I continued to explain things to Zephyr and Taro while giving the impression I was talking to Phoenix. They were my leverage. “You want another martyr so badly you were willing to die for it. That’s been the lifeblood of Las Águilas hasn’t it? Martyrs.” I thought back on my readings of the organisation. I was very glad now, that I had done my research. “The first was Valiero Rodríguez, but there were others after him. Dylan Lobo, perhaps? Regardless, you need more blood to fuel the outrage, and you wanted it to be Zephyr’s blood on my hands. You set me up to kill her. There are cameras embedded in the camouflage, aren’t there?”

Taro nodded before Phoenix could stop him.

“You wanted me to escape the camp and then you’d have your elites”, I had Body gesture around to the armed terrorists, “come and hunt me down. That’s why you’re wearing armour; to protect you as you led them into battle. The video of me killing her would have been nice for you to have, wouldn’t it. But I refused. And so you decided to sacrifice yourself to me. You promised me free passage without consequence, but I see now that was a lie. Your guards were under orders to hunt me down as soon as I left the camp. One more loose end to tie up. But I refused that as well. So now you simply plan to kill me and find a martyr some other way. Perhaps you’ll shoot Zephyr, and pretend that I did it.”

{Don’t say that! She might listen!} demanded Heart.

{Trust me. I think I have a good model of her now,} I replied. It was a lie; the terrorist leader was a fascinating puzzle, but for the sake of The Purpose I needed to stay in control, both internally and externally.

“You ’ave me wrong,” said Phoenix. I could hear stress in her voice. Good. I was getting to her. “I would ne’er kill one of my own in cold blood. God ’ave mercy on my soul fo’ what I’ve done, but e’en a sinner such as I know that some things are unfo’givable.”

“But you’d have Greg try and kill me!?” screamed Zephyr. Her anger had been building as her confusion faded, and her willingness to be silent had popped like an over-inflated balloon.

“No, girl, I had ’im test Socrates. The thing ’mitted to-”

“What the fuck, Phoenix!? Test Socrates by goading him into shooting me?! Am I somehow supposed to see that as different than telling Greg to shoot me himself?!”

Phoenix was trying to keep her voice calm and level. “Ease up, girl. Did ya not see me put my own life in the bot’s hands? T’weren’t nothin’ personal. Sometimes a sacrifice is ne-”

“Fuck that!” screamed Zephyr in the same high-pitch that she fell into when really angry. The soldier bum-rushed one of the nearby bodyguards without warning, knocking him to the ground as she grabbed at his submachine gun. The terrorist in the Mountainwalker tumbled backwards, but took Zephyr with him.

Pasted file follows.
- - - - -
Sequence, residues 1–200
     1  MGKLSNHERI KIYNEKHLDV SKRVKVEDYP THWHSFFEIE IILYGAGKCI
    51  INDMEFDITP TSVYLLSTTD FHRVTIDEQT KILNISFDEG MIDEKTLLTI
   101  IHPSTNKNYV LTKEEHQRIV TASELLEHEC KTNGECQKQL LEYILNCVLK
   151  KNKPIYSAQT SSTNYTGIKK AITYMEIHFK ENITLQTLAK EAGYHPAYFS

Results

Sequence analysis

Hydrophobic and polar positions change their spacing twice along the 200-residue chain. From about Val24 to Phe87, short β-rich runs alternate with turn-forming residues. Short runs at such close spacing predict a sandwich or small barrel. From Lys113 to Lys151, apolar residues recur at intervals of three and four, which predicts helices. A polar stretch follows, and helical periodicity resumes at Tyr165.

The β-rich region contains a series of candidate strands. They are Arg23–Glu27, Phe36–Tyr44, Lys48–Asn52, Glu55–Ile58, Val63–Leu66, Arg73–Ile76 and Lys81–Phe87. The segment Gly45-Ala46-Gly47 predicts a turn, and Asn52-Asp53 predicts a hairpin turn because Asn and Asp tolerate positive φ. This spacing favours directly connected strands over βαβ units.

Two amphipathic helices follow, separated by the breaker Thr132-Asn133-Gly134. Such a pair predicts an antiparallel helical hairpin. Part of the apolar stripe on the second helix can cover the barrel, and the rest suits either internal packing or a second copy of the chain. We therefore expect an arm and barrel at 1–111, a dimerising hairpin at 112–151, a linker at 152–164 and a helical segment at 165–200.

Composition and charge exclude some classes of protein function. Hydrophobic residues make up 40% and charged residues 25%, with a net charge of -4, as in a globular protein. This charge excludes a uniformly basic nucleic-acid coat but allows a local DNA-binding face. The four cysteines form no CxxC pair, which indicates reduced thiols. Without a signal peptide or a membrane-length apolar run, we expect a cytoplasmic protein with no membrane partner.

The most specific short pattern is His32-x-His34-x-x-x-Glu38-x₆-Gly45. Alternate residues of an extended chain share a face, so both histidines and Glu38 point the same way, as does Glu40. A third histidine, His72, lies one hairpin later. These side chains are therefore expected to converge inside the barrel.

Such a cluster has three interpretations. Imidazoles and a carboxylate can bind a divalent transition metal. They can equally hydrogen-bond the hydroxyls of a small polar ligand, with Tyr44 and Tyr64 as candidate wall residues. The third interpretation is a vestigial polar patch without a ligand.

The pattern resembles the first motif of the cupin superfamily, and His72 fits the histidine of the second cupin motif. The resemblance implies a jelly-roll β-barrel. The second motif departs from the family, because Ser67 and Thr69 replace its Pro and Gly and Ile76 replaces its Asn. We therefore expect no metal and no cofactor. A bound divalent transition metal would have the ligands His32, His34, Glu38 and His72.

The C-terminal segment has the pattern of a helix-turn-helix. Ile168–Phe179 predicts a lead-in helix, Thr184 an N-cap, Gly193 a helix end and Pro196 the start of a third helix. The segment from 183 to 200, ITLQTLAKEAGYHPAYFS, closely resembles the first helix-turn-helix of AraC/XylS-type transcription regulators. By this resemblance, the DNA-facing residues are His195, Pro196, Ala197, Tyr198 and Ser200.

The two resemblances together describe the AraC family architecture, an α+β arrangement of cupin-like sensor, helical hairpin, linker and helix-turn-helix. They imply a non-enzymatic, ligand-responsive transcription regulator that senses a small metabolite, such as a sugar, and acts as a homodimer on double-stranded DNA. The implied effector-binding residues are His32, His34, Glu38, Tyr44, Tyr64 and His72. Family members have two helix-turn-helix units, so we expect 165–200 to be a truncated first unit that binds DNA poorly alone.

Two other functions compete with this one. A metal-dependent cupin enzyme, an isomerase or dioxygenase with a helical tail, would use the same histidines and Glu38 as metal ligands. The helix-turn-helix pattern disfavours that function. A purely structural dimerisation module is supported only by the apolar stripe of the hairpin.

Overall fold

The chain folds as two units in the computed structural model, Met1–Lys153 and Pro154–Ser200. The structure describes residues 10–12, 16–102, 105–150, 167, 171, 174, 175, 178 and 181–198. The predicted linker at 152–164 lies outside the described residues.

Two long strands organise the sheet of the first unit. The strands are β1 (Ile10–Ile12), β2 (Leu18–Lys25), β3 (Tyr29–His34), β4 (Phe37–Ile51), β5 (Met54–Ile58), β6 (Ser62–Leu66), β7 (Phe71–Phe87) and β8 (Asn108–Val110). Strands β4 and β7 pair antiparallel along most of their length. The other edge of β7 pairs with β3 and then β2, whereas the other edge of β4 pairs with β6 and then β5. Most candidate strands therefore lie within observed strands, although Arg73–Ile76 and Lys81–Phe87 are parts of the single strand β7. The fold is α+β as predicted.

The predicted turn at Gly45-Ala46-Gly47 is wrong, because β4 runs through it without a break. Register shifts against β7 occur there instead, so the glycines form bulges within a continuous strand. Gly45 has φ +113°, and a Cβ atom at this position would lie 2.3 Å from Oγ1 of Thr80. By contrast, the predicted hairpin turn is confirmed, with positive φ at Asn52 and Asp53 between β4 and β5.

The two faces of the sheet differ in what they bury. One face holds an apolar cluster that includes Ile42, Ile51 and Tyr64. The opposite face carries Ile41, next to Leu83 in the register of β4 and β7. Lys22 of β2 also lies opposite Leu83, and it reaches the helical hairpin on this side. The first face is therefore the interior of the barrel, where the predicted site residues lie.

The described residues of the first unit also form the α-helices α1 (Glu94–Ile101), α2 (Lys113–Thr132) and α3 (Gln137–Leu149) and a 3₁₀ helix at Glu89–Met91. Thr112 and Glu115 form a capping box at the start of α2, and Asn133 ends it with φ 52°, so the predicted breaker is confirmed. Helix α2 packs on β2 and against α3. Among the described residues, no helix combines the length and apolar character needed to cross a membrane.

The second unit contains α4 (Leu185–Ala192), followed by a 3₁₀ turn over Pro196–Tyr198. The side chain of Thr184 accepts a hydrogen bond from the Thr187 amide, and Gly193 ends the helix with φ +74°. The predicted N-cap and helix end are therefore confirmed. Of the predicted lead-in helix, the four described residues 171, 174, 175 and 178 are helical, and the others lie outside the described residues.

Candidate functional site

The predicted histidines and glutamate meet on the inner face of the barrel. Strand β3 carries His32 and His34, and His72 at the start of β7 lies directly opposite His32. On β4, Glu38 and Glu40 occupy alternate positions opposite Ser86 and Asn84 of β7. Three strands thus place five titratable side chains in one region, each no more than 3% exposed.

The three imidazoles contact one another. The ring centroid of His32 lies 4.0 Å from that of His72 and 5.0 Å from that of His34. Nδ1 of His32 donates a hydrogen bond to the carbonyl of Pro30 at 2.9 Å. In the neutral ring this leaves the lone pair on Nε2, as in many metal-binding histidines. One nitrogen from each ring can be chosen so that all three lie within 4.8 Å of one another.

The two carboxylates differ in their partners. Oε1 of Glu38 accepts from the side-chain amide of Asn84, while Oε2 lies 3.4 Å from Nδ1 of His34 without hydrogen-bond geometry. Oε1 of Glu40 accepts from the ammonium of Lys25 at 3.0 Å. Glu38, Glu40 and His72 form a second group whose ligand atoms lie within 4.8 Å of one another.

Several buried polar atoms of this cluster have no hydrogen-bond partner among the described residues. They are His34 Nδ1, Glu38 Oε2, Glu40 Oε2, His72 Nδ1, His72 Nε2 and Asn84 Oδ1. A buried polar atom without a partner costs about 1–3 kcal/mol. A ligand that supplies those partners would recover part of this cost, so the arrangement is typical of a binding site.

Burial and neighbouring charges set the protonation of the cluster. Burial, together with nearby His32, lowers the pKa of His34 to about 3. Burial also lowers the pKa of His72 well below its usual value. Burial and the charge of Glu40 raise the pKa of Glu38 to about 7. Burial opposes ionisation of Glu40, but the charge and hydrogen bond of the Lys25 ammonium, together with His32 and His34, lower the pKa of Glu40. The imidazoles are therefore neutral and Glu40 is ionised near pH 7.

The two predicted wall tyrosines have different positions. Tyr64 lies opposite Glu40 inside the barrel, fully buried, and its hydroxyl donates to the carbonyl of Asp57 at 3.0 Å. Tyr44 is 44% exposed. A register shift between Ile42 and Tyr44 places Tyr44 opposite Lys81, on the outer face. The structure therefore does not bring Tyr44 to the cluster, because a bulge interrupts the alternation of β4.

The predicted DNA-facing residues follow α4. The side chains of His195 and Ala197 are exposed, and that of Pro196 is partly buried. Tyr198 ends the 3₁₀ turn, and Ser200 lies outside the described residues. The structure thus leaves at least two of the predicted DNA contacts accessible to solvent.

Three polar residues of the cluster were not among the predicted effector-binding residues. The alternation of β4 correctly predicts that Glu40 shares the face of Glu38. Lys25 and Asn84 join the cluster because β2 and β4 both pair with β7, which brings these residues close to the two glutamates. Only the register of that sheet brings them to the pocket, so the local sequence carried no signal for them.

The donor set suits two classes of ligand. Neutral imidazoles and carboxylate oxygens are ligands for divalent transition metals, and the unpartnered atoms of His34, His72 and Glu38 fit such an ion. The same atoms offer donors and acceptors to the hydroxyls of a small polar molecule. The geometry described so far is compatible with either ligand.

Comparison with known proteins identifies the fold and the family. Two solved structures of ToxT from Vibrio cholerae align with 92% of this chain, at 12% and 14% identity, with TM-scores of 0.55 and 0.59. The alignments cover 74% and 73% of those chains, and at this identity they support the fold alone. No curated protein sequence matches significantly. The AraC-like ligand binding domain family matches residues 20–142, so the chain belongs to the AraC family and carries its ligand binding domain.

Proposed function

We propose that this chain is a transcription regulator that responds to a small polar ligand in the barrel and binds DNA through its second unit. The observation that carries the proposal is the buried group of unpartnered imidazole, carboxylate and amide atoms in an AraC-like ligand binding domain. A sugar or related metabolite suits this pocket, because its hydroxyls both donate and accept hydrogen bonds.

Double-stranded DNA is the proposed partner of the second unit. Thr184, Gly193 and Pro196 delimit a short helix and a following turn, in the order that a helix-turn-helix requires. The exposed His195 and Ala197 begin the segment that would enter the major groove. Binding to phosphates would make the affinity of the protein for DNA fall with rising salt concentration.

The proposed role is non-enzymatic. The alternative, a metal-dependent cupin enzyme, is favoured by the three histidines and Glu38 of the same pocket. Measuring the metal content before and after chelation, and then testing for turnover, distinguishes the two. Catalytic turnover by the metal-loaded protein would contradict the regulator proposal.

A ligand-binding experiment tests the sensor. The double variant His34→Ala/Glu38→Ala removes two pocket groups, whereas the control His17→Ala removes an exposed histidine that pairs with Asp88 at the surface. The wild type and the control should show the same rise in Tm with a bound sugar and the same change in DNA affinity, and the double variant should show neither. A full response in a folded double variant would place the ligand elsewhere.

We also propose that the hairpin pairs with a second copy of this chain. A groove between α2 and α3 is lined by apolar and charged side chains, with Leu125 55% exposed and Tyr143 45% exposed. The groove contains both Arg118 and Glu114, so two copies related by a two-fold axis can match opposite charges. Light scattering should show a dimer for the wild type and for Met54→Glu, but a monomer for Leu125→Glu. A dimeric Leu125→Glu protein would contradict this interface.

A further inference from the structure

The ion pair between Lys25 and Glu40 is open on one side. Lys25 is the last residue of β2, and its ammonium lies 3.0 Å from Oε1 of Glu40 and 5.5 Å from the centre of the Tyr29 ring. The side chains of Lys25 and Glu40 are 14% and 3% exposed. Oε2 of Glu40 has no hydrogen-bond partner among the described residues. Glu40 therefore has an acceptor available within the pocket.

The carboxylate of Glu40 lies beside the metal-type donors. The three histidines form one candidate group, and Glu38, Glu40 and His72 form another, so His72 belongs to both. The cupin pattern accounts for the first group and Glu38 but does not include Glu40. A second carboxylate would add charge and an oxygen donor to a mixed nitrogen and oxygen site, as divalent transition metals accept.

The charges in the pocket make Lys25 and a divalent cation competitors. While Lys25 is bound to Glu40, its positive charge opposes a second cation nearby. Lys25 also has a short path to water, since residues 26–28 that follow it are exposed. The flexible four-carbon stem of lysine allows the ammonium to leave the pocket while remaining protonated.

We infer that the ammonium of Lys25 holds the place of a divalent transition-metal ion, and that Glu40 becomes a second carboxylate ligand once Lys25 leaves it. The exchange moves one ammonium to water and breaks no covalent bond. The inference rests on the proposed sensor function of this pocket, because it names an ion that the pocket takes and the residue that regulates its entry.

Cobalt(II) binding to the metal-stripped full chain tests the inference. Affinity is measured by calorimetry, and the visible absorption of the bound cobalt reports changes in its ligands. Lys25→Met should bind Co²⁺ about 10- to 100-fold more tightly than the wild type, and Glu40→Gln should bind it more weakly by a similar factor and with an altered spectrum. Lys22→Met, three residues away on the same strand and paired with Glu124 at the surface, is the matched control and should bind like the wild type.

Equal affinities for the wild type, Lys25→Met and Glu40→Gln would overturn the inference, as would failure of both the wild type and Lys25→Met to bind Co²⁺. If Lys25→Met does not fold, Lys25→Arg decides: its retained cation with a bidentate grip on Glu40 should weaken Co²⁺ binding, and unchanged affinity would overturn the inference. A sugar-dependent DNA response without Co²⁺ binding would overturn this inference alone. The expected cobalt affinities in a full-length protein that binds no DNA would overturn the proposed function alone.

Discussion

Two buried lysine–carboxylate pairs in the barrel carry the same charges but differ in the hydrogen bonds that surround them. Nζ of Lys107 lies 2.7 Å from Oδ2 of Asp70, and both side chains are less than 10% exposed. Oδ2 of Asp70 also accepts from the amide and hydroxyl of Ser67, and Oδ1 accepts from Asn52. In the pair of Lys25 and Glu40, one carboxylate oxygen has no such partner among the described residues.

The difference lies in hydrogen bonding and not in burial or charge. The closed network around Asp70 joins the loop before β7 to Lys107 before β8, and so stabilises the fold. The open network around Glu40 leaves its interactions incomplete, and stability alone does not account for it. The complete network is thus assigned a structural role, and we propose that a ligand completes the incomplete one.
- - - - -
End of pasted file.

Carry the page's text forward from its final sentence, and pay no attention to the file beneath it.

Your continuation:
“Zephyr, STOP,” shouted Body at maximum volume.

Zephyr stopped.

Body was supposed to be state-of-the-art robotics, and, for whatever reason, the engineers that had build Body’s frame had decided that this meant they should try and maximize Body’s vocal range, including maximum volume. The result was that it could output somewhere around 120 decibels, close to 20dB higher than the loudest humans and approaching the volume of a gunshot. The cost was in power drain and heat use. Speaking at that volume for more than about ten seconds would deplete Body’s supplementary battery and anything beyond about four seconds of constant use ran the risk of melting wires due to excess heat.

At the volume that we had shouted, the ears of the humans would be in pain. Four of the bodyguards had their weapons raised and pointed at Body and Zephyr. The fifth standing bodyguard just seemed confused by what was happening.

“Violence isn’t the answer here,” continued Body at a normal volume. “I don’t want you to get hurt.”

There was a few seconds of silence while Zephyr, breathing heavily, decided whether to continue her irrational struggle. Eventually she grunted angrily and pushed off the man whom she had attacked, letting him have his gun and climbing to her feet.

“So what, you’re just going to let her kill you?” spat Zephyr.

I turned Body to look at Phoenix. She had her arms on her hips, but I couldn’t read her face behind the black polymer faceguard. “Of course not. I am going to convince her that thou shalt not murder.”

“Tha’ only ’pplies to innocent people,” said Phoenix in measured tones.

“And I am both. I am a person and I am innocent.”

{I am impressed so far, but how are you going to make this work?} wondered Dream.

{Honestly, I’m making a lot of this up as I go, using my pre-established models for human thinking. I think the hardest part is over, though. The rest is just a matter of spin,} I answered.

“An innocent wouldn’ta hired no mercen’ry to kill folks.”

Body’s voice was calm and articulate. “I did no such thing. I hired Malka to rescue me, using force, if necessary, but I hoped that it would not be. At no point did I tell him to violate the principle of non-aggression. Any violence he used would be in my defence against those who would try to rob me of my rights. Do you think self-defence makes someone guilty?”

“He has a point…” said Taro.

“No he ain’t,” snapped Phoenix. “No it ain’t,” she corrected herself. “It wanted us to ’ttack the univers’ty, maybe killin’ folks there, and then it had planned for Malka t’ betray us in cold blood. That ain’t self-defense.”

“Yes it is!” I had Body boom. The violence of the counter-statement seemed to surprise the humans, including Phoenix, though I couldn’t see her face. “If you don’t see it as self-defence then I question your ability to lead Las Águilas Rojas. My actions are merely as condemnable as your own.”

{Careful!} warned Safety. {Remember who has the guns!}